Martinus Klemet definitely stands as a worthy heir to his predecessors, one of the main faces of the new generation of Estonian animators along with the likes of Kaspar Jancis. And for good reason, as his teacher and mentor is none other than the legendary animator Priit Pärn himself.
Known for his departure from conventional graphic styles and depiction of everyday situations, Pärn’s influence on the new generation of Estonian animators, Klemet included, is undisputed. When asked about his ability to come up with unexpected and unique ideas, Martinus credits his famous teacher for his unique storytelling methodology. Students learn to associate random and totally unrelated words or concepts to create their own stories. This technique is reminiscent of the cadavre exquis―an exquisite corpse in French―a method developed by Surrealist artists at the beginning of the 20th century in France. What started as a game among them where someone would choose a word then hide it and pass it on to the next until a random sentence was born, developed into a full-fledged method to create and develop unique ideas. The same playfulness permeates Klemet’s work, with a healthy dose of dry humor.
Another striking aspect of his work, which appears to be a trademark of Estonian animation, is the mindboggling versatility of style and techniques used. Diving into his previous work is like looking through a kaleidoscope where minimalist hand-drawn strokes cohabit with 3D and poetic pastel colors with a constant thread of absurd playfulness tying them all together.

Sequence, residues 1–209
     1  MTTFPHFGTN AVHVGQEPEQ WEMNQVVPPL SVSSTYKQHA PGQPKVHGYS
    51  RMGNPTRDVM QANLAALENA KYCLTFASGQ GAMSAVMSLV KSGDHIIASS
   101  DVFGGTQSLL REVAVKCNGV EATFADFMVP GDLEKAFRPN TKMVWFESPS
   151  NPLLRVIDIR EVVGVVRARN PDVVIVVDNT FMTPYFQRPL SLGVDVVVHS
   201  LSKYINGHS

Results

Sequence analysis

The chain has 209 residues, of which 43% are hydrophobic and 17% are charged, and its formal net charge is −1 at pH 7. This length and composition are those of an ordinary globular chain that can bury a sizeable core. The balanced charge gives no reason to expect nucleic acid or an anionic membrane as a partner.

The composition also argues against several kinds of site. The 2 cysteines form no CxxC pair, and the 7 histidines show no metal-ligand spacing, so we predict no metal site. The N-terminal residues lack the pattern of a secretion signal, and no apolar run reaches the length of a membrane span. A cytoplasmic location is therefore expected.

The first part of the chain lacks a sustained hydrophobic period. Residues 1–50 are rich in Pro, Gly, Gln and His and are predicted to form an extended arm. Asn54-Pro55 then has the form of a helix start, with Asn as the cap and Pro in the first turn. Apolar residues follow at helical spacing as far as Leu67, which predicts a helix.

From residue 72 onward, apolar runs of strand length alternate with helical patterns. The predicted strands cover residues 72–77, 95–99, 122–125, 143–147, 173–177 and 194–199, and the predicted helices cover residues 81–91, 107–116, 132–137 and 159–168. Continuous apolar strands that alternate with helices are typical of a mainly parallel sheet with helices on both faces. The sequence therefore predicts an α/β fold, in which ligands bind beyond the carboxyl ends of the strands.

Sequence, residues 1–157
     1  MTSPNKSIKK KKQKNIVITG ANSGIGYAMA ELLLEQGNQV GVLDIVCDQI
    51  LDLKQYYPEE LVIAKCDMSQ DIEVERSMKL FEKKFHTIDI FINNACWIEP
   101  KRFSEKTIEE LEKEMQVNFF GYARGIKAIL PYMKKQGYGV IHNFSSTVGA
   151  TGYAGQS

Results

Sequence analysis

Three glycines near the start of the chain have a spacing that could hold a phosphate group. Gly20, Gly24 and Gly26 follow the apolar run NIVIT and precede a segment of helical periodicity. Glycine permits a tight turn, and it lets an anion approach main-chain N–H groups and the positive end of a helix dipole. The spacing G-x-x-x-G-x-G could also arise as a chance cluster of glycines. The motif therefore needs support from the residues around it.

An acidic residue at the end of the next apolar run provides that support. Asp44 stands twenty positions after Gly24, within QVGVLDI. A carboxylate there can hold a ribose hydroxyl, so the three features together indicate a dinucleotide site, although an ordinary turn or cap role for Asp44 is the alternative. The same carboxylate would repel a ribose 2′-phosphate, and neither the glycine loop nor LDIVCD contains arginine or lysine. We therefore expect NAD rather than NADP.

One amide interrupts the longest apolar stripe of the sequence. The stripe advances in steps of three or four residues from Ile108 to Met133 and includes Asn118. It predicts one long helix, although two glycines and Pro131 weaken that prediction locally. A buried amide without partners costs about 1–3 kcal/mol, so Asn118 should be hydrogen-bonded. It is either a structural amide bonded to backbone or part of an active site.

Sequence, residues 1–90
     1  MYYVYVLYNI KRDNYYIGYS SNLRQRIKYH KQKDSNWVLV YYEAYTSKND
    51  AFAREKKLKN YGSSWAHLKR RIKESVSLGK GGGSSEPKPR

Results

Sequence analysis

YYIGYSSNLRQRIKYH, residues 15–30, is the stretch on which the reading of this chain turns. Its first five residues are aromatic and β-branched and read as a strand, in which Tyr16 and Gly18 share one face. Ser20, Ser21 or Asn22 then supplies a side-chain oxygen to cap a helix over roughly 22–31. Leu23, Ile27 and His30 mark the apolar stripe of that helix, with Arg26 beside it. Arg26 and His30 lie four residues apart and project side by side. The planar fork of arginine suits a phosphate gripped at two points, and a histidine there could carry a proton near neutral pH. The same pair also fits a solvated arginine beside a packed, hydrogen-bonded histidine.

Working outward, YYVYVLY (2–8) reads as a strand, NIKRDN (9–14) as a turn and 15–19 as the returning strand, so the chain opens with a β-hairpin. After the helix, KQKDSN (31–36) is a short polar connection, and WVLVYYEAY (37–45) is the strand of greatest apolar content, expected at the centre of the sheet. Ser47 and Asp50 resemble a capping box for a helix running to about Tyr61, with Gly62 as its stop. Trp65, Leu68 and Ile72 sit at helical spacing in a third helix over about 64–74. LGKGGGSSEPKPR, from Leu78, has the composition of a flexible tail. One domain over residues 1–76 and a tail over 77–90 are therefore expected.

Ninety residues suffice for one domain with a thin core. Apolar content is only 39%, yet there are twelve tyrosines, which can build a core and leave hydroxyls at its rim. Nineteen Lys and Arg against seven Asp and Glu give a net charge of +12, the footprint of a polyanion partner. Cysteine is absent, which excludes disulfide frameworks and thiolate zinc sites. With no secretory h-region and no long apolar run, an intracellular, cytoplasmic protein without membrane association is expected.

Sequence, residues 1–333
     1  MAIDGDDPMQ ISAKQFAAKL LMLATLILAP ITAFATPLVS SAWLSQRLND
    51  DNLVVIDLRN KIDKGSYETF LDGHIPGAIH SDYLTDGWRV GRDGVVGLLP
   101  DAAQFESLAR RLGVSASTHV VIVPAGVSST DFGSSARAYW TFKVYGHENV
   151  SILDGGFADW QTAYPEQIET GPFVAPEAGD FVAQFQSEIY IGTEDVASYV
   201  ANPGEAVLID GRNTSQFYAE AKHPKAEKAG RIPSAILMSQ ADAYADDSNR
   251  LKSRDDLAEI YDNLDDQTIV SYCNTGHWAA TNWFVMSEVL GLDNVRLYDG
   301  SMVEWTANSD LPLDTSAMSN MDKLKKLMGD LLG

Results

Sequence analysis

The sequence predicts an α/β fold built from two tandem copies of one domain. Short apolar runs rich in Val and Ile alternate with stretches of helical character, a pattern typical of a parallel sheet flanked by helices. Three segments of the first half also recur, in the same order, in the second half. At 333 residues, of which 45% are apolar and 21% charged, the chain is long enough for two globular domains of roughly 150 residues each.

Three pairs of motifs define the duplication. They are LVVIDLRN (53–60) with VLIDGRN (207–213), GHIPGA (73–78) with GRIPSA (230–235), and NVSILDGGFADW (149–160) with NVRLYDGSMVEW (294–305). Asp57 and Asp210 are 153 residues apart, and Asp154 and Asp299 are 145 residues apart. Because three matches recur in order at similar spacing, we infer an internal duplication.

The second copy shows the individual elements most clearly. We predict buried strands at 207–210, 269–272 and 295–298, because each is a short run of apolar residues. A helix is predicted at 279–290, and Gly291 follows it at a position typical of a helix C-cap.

When asked about why his style changes so much from one film to the next, Klemet answers pragmatically: “I thought a lot about the style of my animation, if I should develop my own trademark as many animators do, but I just get bored sticking to one style”. His previous experience in commercial animation and commission work for art museums also explains his ability to easily morph into different styles on demand. His attraction to hand-drawn animation however remains a constant. “It feels more spontaneous and the drawing process helps generate new ideas. I just love drawing”.